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Category:    Home > Reviews > Horror > Thriller > Crime > War > End Of Days/Miami Vice (2006)/U-571 (Universal Blu-rays)

End Of Days/Miami Vice (2006)/U-571 (Universal Blu-rays)

 

Picture: B+/B/B     Sound: B+/B/B+     Extras: B-/C/C     Film: B/C/C

 

 

Now that Universal is reissuing all the titles they originally issued on the now-defunct HD-DVD format, it is interesting to see how ambitious they were in putting out what they thought would be titles that would sell the format and being the last studio to commit to Blu-ray, it was certainly an all-out rollout of some of their most interesting films.  Three more of those titles, ones one would think of as slick or on the cutting edge, are now on Blu-ray: Peter Hyams’ supernatural thriller End Of Days with Arnold Schwarzenegger, Michael Mann’s HD-Shot Miami Vice (2006) revival and Johnathan Mostow’s underwater submarine thriller U-571.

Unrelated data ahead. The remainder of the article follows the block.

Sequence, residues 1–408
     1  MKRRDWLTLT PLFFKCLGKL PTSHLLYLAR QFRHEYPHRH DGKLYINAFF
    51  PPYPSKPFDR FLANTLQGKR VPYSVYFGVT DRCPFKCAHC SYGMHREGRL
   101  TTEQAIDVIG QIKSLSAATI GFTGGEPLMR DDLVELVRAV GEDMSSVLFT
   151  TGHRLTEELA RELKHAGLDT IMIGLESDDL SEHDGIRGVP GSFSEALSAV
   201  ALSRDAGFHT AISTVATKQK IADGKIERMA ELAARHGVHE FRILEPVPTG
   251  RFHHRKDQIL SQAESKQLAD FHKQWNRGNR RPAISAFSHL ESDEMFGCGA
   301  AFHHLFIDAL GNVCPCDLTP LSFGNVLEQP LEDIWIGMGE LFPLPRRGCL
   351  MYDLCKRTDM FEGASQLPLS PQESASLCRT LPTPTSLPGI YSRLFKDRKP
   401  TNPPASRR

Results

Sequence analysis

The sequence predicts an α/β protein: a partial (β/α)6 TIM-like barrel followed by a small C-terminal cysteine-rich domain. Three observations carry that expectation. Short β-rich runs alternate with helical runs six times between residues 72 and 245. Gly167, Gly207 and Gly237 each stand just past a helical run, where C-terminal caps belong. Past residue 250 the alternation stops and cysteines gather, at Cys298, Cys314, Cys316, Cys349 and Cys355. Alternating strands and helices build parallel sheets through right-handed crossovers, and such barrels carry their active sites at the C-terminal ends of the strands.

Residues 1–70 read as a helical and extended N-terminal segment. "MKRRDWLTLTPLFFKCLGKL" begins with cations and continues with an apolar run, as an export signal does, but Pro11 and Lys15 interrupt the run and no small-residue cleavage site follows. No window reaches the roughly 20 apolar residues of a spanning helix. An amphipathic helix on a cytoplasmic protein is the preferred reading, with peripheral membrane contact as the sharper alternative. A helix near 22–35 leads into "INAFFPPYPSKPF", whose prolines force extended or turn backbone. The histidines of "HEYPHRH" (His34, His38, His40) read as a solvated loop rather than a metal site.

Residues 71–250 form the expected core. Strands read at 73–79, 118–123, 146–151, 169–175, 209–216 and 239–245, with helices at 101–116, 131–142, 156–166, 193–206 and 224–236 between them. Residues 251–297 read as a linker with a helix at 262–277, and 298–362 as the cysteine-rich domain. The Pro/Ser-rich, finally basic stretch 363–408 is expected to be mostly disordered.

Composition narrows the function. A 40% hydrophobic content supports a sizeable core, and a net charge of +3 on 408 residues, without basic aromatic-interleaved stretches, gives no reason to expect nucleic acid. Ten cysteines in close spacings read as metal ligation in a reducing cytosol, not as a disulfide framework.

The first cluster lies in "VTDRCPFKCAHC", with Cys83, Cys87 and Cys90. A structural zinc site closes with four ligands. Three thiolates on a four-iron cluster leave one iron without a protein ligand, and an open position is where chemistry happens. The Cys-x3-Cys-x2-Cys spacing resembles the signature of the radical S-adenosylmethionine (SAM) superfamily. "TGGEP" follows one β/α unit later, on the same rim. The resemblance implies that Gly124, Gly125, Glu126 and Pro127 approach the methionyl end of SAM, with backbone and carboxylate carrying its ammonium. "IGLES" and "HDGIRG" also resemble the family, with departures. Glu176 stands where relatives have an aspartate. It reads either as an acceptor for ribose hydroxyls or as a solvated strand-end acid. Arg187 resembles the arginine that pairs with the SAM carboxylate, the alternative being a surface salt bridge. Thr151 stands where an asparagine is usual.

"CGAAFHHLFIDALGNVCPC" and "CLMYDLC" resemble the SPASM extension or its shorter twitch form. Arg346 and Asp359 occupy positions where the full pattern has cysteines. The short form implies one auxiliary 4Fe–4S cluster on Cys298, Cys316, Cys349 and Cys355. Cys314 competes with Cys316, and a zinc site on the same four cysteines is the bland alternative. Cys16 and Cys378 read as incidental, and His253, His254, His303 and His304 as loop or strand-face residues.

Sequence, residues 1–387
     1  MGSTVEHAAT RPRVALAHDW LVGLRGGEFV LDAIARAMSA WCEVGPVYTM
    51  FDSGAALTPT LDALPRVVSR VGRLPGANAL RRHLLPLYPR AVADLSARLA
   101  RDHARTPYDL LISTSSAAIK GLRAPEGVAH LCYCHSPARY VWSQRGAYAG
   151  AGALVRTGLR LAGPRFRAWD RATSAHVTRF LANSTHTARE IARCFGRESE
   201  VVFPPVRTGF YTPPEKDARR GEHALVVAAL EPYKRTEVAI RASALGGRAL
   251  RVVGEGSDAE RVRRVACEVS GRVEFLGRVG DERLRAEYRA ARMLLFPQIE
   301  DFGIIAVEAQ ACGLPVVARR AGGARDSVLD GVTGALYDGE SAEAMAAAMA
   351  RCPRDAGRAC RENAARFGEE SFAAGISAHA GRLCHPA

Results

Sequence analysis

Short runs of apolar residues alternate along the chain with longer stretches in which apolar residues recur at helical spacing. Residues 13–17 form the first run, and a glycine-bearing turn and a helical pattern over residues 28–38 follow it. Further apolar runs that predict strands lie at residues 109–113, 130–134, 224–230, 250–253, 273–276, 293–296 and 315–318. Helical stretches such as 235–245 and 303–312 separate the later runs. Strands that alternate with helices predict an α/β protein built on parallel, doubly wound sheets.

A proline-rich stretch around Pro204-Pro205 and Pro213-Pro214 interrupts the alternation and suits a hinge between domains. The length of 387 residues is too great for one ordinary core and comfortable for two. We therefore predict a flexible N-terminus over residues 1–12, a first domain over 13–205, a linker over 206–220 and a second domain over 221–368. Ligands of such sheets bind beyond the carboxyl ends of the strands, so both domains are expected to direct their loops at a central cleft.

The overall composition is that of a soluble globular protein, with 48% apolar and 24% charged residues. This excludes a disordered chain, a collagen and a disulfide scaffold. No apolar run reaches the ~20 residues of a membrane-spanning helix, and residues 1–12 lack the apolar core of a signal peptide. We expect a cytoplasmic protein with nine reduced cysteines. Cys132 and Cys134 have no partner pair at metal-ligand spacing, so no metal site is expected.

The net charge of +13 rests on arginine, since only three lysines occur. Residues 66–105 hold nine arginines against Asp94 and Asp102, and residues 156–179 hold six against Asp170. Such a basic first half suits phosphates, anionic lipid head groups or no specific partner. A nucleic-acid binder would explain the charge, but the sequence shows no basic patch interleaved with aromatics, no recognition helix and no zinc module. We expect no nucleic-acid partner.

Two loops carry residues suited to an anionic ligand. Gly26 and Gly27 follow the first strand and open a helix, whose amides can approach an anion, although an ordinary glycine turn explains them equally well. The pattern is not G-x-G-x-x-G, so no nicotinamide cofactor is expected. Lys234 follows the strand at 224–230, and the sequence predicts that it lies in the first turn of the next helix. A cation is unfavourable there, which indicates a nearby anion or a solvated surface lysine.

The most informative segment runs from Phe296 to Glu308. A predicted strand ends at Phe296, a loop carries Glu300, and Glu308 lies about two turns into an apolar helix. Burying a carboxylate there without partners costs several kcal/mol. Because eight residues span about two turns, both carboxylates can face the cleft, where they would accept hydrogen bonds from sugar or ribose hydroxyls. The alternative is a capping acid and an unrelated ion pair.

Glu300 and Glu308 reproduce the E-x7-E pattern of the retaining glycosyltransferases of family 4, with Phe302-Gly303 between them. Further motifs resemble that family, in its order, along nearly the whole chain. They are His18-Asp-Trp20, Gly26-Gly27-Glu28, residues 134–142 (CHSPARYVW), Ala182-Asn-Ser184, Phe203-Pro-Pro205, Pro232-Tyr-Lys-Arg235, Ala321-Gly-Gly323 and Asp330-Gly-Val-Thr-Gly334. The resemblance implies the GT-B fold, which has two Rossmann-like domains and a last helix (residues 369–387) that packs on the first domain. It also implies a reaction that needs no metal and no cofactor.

We covered those HD-DVDs and in all cases was the first time we got them for review in any format and they are essentially the same releases, but all with the upgrade of DTS HD Master Audio (MA) Lossless, where Days had Dolby TrueHD, Vice only Dolby Digital Plus and 571 with Dolby Digital Plus and regular DTS.

 

Links to the previous HD-DVD reviews:

 

End Of Days (1999)

http://www.fulvuedrive-in.com/review/4350/End+Of+Days+(HD-DVD)

 

Miami Vice (2006)

http://www.fulvuedrive-in.com/review/4689/Miami+Vice+(2006+Feature+Film

 

U-571 (2000)

http://www.fulvuedrive-in.com/review/3777/U-571+(HD-DVD)

 

 

Days is the real winner in the improvement category, with a great soundmaster that is even more dynamic in DTS MA 5.1 than True HD 5.1, while Vice’s DTS MA 5.1 only reveals more problems with its soundmix and U-571 remains a bit overrated and the DTS MA 5.1 bares this out.  To be more specific about Days, the picture is the likely same master as the HD-DVD, but it seems as little better here, while the True HD 5.1 mix has some more breathing room.

 

The differences may not be spectacular, but they offer enough of a margin of improvement that the film was more involving than all predecessors and that is reason enough to celebrate.

 

 

-   Nicholas Sheffo


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